We sleep in. Delicious sleep.
There is an active but 80% “contained” fire on the east side of this mountain, so our hike today is a reroute along dirt roads on the west side.
We meet a Man from Texas on a wagon with his son and 4 horses. Two of the horses are carriage ponies from NYC pulling the wagon. He tells us story upon story of being lost, killing elk, and being attacked by a grizzly he and his buddies had to take down with 7 gunshots and then call fish and wildlife for a CSI style investigation. Grizzlies, like humans, are a protected species.
On a long break under a bridge we rinse clothes and review maps, deciding which of the half dozen routes to do thru Northern Wind river range. There are many alternates and side trails to discover if we have enough food.
The afternoon carries some challenging way-finding up to Sheridan pass. Exhausted, we decide to sleep here… it’s too beautiful to move along.
A day of reckoning. Are we brave enough to attempt the cdt wind river range high route? A little dotted line on our map indicating less than distinct trail. We’re told it’s like combining katahdin with mahoosic notch in some areas. Both the toughest parts of the Appalachian Trail. Hum.
The morning moves fast but I feel lonely. And by 3:30 we’re at the turn off for the alternate, squinting at the sky. Are those fluffy playful clouds or storm clouds? Map notes say to ensure a clear forecast before attempting the high route. We’ve seen clouds the last few days but no rain. We don’t know the forecast but a cautious couple on an ATV say they think it’s supposed to be warmer this week.
After dinner at Lake of the Woods we decide to go for it. The first 10 miles are along an ATV road but gains 3000 feet elevation. This will be the rest of our day. Then tomorrow we’ll have 14 miles up and along the high route before 4-5 miles descending and rejoining the CDT.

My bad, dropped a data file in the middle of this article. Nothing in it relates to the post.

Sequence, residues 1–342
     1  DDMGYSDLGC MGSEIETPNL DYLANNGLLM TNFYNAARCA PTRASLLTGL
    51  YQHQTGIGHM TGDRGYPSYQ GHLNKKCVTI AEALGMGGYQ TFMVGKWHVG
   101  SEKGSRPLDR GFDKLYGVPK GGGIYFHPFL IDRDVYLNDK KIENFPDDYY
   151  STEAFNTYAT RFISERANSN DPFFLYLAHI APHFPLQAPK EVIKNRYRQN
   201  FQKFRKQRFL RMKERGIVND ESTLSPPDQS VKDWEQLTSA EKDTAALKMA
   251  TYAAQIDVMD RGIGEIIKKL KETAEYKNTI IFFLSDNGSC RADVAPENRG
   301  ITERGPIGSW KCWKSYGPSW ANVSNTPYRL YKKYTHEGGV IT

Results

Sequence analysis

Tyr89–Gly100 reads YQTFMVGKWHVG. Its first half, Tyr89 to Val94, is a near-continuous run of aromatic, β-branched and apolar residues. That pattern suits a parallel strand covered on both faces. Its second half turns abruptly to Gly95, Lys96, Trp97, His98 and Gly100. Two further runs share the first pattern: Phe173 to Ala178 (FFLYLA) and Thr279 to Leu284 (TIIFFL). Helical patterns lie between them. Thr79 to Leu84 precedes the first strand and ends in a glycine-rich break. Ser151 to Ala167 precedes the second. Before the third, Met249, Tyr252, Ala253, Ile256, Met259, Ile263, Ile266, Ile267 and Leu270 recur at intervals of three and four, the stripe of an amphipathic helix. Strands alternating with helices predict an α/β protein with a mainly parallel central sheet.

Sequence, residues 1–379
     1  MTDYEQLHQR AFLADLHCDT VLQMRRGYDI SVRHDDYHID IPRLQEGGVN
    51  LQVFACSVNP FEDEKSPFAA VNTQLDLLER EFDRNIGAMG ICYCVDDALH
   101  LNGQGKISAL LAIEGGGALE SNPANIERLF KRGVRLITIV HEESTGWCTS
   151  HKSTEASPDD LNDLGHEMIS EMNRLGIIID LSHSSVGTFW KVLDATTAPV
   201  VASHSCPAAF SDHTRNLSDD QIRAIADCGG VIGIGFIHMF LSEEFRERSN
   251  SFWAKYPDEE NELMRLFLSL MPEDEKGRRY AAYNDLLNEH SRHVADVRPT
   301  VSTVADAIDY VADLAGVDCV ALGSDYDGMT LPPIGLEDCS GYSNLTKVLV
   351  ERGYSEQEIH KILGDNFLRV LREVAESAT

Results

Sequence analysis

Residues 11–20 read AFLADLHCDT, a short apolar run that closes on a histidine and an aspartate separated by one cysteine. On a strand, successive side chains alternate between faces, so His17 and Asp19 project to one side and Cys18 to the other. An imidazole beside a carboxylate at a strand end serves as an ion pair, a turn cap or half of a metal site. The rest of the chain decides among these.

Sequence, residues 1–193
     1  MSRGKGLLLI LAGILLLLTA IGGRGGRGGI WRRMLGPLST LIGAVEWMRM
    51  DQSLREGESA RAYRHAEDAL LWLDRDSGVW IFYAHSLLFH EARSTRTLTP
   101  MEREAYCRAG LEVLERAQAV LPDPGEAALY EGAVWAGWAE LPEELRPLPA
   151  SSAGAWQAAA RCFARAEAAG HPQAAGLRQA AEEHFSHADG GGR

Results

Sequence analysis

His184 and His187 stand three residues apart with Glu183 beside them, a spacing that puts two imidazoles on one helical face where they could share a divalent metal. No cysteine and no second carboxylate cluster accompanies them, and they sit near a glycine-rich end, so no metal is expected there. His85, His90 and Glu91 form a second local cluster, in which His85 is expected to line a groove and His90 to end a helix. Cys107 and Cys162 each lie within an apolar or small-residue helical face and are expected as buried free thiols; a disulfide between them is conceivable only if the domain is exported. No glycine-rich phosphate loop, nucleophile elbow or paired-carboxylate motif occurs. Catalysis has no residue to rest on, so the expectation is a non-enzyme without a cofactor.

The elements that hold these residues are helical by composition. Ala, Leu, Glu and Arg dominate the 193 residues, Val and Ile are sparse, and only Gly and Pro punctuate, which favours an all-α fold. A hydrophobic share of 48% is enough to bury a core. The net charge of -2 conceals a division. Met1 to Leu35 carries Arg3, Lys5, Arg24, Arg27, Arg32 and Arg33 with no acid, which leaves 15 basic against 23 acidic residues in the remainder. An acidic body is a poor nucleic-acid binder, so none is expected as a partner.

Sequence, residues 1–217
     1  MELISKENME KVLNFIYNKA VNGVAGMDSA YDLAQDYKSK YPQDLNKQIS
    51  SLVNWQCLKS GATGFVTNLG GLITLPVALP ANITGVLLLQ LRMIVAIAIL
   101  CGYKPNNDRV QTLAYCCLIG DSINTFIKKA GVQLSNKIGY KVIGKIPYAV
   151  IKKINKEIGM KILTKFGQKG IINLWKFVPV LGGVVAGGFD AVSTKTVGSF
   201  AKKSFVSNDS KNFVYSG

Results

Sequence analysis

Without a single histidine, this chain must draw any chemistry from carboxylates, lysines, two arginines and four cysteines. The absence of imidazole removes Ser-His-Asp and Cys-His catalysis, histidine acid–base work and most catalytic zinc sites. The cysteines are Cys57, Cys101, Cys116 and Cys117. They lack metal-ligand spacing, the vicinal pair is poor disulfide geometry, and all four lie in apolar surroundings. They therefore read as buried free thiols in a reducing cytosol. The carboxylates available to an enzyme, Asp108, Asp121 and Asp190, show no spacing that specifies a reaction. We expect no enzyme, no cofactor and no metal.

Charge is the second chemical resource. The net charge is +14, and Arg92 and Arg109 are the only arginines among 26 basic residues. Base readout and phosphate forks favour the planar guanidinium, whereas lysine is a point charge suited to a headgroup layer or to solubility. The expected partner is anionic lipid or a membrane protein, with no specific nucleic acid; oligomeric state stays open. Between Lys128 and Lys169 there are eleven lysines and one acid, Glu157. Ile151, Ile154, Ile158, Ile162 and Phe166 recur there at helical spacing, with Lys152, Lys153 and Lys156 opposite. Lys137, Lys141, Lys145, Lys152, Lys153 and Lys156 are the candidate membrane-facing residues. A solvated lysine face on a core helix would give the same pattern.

Feeling excited we set off and are making good time but the last few miles are killer on the jeep road and we get to the pass right at sunset.
We look at the map. now we’re supposed to bushwhack off trail for 1.2 miles, toward some lakes and find another footpath that will connect us to the base of Shale Mountain.
For this task we use a paper map and the compass on our phones and the Gaia app which will use the phone GPS to draw our route in case we want to go back.
As we start down the last leg of the jeep road I realize we already missed the “turn” for the bushwhack section. We can either backtrack, or just start from here. I pull out my tools, okay let’s go.
The bush whack would take us straight up and then down the other side of the mountain on our left. We decide on a round about course following a topo line for awhile and judging our way down the hill based on what we see. We avoid the super steep areas and head for wider spaced topo lines on the map. This works for awhile… until the sun sets.
Around dark we reach a place where the alpine meadow transitions to a tallus field where we maneuver around huge boulders. We attempt to descend slowly and carefully toward the tree line we can barely see below. Eventually we begin to feel mossy dirt under our shoes and see sparse scraggly trees here and there. In the dark, with just Groucho’s night vision and my headlamp guiding us, we maneuver to soft tho slopey duft under the protection of several trees. We are adjacent to a glacier and sleeping close to 11,000 feet.
We eat snacks and pack away all our food in our opsaks. Grateful for the odor barrier ziplocks since we have no trees tall enough for a bear hang.
At 4:44 I awake to rain?! Oh wait no… Actually it’s snow. What?!
We scramble and throw our tarp over us batwing style and are warm and dry but worried what for this mean for the high route?
We talk and hit snooze on the alarm, waiting until light to check the scene out. The popcorn snow stops, but as the light seeps grows we behold a persistent cloud cover blanketing the sky. Menacing dark clouds hang just beyond our beloved high route. Shale mountain shrouded in mist.
We make a difficult choice to forego the adventurous high route and (ugh) retreat 11.8 miles back to the regular CDT and resume south from there.
We encounter more light snow, hail and rain off and on all day. Also scattered sun and wind. By noon we are back on trail and though I feel relieved believing we made the right and safe choice, I dread the days ahead now we are squarely in the middle of this section and I have a sneaking suspicion we are low on food. We review the maps and look at our remaining food, realizing yes… we will have to ration food… having added approximately 24 miles to this already-long leg of the journey